Here’s an example of how to use these options:

mount -t cifs -o username=user,password=your_password,rw //192.168.0.106/shared /home/user/point

Step 4: Specifying SMB Protocol Version

In some cases, specifying the SMB protocol version can resolve the “cannot mount readonly” error. This can be done using the vers=version_number option in the -o option. For example, to specify SMB protocol version 3.0, you can use the following command:

mount -t cifs -o vers=3.0,username=user,rw //192.168.0.106/shared /home/user/point

Conclusion

By following these steps and making the necessary adjustments to the mount command, you should be able to successfully mount the Samba share without encountering the “cannot mount readonly” error. Remember that the exact command and options you need to use may vary depending on your specific situation, so don’t hesitate to consult the man page for mount.cifs or seek help from online communities if you encounter any issues.

What is the purpose of the `cifs-utils` package?

The cifs-utils package provides tools and utilities for mounting CIFS/SMB shares on a Linux system.

How do I install the `cifs-utils` package on a Debian-based system?

You can install the cifs-utils package on a Debian-based system using the command sudo apt-get install cifs-utils.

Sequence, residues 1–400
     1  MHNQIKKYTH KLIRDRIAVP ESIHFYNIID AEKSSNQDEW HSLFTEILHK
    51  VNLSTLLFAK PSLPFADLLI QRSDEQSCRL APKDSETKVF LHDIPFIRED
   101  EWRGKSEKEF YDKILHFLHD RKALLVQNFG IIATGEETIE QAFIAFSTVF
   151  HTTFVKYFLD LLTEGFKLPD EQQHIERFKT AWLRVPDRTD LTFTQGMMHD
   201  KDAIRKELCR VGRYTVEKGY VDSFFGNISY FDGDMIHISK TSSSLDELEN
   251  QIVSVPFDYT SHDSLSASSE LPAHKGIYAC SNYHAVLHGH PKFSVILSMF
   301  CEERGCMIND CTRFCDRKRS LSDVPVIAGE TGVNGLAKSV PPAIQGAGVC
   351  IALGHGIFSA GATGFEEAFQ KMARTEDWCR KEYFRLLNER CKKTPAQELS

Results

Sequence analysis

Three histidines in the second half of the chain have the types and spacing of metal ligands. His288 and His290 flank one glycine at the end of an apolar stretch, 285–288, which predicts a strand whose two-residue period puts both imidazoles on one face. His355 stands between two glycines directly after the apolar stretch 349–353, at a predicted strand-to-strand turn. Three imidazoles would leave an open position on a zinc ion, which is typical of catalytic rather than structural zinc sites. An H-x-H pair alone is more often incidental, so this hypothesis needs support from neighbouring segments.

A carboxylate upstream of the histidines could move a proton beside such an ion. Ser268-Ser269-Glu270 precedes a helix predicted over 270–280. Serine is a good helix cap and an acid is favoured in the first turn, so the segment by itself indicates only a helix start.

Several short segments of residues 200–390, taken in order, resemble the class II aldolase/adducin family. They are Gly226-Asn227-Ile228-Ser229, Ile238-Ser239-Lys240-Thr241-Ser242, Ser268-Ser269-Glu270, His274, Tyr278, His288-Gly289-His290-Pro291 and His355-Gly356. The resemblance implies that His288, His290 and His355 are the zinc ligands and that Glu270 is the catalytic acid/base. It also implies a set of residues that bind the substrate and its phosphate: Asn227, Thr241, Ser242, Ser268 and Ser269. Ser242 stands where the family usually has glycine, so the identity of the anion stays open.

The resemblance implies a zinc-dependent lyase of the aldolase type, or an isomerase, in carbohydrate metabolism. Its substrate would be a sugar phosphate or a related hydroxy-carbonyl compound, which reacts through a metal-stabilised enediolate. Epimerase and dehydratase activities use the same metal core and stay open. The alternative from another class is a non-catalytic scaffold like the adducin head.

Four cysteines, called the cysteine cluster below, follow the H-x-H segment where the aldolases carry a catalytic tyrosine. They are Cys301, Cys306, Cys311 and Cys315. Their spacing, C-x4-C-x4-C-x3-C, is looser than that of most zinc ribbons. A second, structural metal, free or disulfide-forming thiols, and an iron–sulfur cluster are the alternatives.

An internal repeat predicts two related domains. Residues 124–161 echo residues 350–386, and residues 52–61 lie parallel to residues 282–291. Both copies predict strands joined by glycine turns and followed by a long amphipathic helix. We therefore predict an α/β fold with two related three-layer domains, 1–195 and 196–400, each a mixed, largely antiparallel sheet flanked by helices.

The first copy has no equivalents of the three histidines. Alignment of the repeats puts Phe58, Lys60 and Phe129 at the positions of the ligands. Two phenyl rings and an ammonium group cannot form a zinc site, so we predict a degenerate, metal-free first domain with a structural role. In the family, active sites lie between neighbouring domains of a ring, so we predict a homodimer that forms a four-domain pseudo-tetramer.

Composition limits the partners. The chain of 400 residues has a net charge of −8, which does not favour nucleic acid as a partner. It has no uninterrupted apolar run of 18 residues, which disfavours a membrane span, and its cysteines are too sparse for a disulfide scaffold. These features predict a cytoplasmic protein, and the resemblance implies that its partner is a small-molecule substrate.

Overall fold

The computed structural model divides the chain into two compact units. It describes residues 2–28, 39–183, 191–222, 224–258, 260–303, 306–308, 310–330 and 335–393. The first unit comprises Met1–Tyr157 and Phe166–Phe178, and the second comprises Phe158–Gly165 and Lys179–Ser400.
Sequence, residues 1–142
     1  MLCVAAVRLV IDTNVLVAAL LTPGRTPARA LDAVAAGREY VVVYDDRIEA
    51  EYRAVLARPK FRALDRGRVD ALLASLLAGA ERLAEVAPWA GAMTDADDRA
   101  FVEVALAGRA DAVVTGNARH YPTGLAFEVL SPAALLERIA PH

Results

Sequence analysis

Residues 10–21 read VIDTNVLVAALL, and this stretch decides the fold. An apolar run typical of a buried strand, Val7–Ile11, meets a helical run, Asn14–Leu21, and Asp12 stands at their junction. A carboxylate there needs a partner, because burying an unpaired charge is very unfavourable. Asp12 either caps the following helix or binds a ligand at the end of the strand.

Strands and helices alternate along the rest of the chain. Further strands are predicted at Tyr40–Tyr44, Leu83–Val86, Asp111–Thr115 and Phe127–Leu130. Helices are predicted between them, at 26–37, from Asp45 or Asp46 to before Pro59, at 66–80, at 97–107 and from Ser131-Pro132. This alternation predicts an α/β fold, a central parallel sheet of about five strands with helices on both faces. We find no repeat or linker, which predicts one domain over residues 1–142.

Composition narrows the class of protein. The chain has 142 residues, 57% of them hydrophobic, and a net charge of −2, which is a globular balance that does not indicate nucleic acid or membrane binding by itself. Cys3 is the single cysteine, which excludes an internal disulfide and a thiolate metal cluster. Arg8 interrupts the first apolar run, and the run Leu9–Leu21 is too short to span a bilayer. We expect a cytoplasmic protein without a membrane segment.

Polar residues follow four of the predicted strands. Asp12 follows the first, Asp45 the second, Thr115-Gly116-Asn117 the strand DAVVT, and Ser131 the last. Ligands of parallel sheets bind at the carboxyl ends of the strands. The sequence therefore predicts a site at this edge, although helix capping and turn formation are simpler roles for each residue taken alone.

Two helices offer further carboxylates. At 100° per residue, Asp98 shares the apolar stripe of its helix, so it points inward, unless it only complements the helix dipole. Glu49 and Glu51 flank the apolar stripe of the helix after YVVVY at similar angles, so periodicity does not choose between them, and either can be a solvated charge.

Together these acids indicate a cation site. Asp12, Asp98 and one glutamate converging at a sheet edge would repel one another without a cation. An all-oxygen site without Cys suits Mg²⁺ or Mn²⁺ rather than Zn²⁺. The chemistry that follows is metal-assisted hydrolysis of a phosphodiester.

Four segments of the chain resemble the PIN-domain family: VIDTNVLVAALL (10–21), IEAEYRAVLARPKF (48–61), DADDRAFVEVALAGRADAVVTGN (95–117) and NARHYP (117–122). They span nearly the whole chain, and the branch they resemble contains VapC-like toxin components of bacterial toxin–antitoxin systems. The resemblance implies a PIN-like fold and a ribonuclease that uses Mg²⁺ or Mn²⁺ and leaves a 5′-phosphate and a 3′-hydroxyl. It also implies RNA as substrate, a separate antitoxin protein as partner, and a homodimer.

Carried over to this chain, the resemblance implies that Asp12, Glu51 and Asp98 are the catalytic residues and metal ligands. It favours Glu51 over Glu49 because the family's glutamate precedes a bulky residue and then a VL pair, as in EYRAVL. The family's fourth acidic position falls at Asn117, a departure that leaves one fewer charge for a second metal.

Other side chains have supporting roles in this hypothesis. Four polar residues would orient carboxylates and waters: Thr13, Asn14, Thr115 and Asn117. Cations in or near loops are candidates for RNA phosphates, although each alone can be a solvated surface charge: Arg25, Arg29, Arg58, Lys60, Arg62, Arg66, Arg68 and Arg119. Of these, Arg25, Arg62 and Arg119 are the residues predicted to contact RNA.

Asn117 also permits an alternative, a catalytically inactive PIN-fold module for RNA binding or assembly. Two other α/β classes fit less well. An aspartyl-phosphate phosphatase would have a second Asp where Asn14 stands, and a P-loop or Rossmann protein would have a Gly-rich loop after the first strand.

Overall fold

What does the “cannot mount readonly” error mean?

The "cannot mount readonly" error occurs when the system is unable to mount a Samba share with write permissions. This can be due to incorrect mount options, insufficient permissions, or issues with the Samba server configuration.

How can I check if I have the correct permissions to access the shared directory?

You can check if you have the correct permissions to access the shared directory by ensuring that the user specified in the -o username=user option of the mount command has read and write access to the shared folder on the Samba server.

How do I specify the correct mount options when using the `mount` command?

To specify the correct mount options when using the mount command, you need to include the -t cifs option to indicate that the file system type is CIFS, and the -o username=user,rw option to enable read and write access to the shared directory. Replace username=user with the appropriate username for accessing the Samba share.

How do I provide authentication details for a Samba share?

If the Samba share requires authentication, you can provide a password using the password=your_password option in the -o option of the mount command. Alternatively, you can use a credentials file by specifying the credentials=/path/to/credentials_file option in the -o option.

Can specifying the SMB protocol version help resolve the “cannot mount readonly” error?

Yes, specifying the SMB protocol version can sometimes resolve the "cannot mount readonly" error. You can do this by using the vers=version_number option in the -o option of the mount command. For example, vers=3.0 specifies SMB protocol version 3.0.

Where can I find more information about the `mount.cifs` command?

You can find more information about the mount.cifs command by consulting the man page for mount.cifs. This page provides detailed documentation on the command and its options.